Survol server-side code is a pure-Python module and as such can be installed like any module. The packages are available on the Python Package Index (Pypi), which is a repository of software for the Python programming language.
The installation command is:
Your machine needs a recent Python 2 or Python 3 interpreter. Great care is taken to ensure compatibility with all common Python versions.
The required Python modules are:
There are no other requirements. The rest is optional.
Survol comes with a very simple CGI server started by the script survol/scripts/cgiserver.py . Therefore, it can run on very small platforms. Also, it is easy to run Survol on a user account with full read access rights.
$ cgiserver - h
Survol HTTP server:
p, --port = < number > TCP / IP port number.Default is 8000 -
a, --address = < host > IP address.Default value is local host name. -
b, --browser = < program > Starts a browser -
v, --verbose Verbose mode
Example of commands:
$ cgiserver - b "C:\Program Files (x86)\Mozilla Firefox\firefox.exe"
$ cgiserver - b "C:\Program Files\Internet Explorer\iexplore.exe"
$ cgiserver - b webbrowser# Uses default browser.
If your browser runs ActiveX, it is also possible to use Survol web pages with no agent.
Survol is based on a tree of Python scripts, all of them displaying information of the system the agent is running on. Some scripts do not need parameters: they will return information with no context: for example, all available databases, all detected machines on the network, all installed Python modules etc... Other scripts need parameters, as they display information about a specific object. For example; Files opened by a specific process. Columns of a SQL Server™ table. Processes connected to an Oracle™ database.
The HTTP Server Apache must be able to run all Python scripts residing under the directory survol/sources_ types as CGI scripts. On Windows, it is necessary to specify to Apache which Python interpreter must be used to run the CGI scripts. On Windows, this is done in the registry, with various keys depending on the Windows operating system version.
On Windows 7, see the key
: The key "Default" contains the program name, which can
for example be:
C:\Program Files (x86)\Python32\pythonw.exe -u
With Windows XP, the command is the key itself.
On Linux, all CGI scripts must be executable
and the first line specifies the Python interpreter.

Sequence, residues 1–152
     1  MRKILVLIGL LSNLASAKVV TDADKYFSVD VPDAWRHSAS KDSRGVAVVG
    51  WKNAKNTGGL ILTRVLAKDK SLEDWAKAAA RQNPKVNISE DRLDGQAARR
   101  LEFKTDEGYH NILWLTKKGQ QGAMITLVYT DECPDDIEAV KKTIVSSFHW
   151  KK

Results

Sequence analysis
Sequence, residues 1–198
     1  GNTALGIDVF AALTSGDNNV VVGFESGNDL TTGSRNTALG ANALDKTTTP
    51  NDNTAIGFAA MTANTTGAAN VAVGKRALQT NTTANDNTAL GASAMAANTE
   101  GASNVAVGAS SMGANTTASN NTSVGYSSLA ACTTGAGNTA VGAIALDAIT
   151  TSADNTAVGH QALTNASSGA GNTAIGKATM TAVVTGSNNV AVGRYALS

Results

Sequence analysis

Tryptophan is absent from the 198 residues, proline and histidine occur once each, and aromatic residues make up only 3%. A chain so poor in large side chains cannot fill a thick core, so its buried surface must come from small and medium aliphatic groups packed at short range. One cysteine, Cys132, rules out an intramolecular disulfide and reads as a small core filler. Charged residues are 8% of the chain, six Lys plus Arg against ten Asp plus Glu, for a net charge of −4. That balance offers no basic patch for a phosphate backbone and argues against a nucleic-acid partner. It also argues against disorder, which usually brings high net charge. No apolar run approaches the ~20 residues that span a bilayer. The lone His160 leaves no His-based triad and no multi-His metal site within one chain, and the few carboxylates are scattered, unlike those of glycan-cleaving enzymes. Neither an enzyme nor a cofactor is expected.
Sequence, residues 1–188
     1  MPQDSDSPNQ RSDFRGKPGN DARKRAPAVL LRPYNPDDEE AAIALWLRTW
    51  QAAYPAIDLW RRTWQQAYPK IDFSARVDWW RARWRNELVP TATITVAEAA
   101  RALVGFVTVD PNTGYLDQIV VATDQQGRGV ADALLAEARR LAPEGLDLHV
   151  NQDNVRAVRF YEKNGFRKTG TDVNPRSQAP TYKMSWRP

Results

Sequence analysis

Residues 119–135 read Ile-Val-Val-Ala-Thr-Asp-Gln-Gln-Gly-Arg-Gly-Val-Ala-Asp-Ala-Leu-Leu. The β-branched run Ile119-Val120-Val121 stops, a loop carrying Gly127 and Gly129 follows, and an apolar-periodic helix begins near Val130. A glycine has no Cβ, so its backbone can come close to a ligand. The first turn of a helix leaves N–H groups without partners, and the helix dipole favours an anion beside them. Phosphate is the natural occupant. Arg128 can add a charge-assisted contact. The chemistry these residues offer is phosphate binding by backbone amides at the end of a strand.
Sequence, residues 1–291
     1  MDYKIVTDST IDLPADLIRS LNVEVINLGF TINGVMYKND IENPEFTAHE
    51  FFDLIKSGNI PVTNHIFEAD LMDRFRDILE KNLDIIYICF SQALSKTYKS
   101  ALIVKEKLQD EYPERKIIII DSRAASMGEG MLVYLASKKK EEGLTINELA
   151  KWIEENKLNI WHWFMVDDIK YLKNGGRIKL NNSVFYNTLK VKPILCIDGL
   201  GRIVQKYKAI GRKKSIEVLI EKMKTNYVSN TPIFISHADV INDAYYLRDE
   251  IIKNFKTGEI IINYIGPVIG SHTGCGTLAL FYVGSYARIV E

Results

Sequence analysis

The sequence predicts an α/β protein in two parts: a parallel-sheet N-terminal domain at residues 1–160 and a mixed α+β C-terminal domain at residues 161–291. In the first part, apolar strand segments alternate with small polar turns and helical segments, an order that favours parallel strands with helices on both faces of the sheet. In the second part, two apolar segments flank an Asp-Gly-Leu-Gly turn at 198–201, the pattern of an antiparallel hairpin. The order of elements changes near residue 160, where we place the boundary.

The configuration file
must be edited. It is also possible to create a new survol.conf
file, which is a preferred solution. In both cases, the content is
similar to these lines, which suppose that the sources
are copied in the
AddHandler cgi-script .py
# Depending on where the sources are:
Alias /Survol "C:/Projects/Survol"
Options Indexes FollowSymLinks Includes ExecCGI
Allow from all
AddHandler cgi-script .py
SetEnv PYTHONPATH C:/Projects/Survol/survol
All HTTP results generated by scripts allow HTTP
cross requests (Access-Control-Allow-Origin).
This permits to merge information from several agents, into a single browser session. It makes also possible for a static html page to load json URLs from remote agents.
Once the core features are installed, it might be possible that some CGI scripts do not work, or not as expected. Errors are normally displayed when detected, and the Apache log file contains all the information written to stderr. If this is not enough, a very powerful debugging technique is to run CGI scripts as command- line Python mode, by setting a couple of mandatory environment variables. This allows to test a program in isolation, possibly in a debugger, with full visibility on its context, inputs and outputs. Here is an example:
With this command, the CGI script
runs as if it is launched by a HTTP server.
Service Location Protocol (SLP) defined by the Internet Engineering Task Force (IETF) allows networking applications to discover the existence, location, and configuration of networked services. It is already used by WBEM, and also by Survol, for the same reasons. The chosen implementation for Survol, is OpenSLP, which has been ported to a wide variety of systems. It is run with the slptool command from sub-processes. This prevents linking issues, 32bits/64bits compatibility problems etc... However, slptool command must be accessible from the Python scripts.
It might be helpful to pre-register some services in the file slp.reg. This is the right place to also register manually, WBEM services. An example of configuration is:
description=OpenPegasus under Windows 7
# Definitions must be separated by an empty line.
description=Survol Windows 7
SLP needs multicast, therefore some specific tuning network parameters and routers might be necessary. Because SLP is a standard, Survol is able to discover all WBEM service exposed with any implementation of SLP.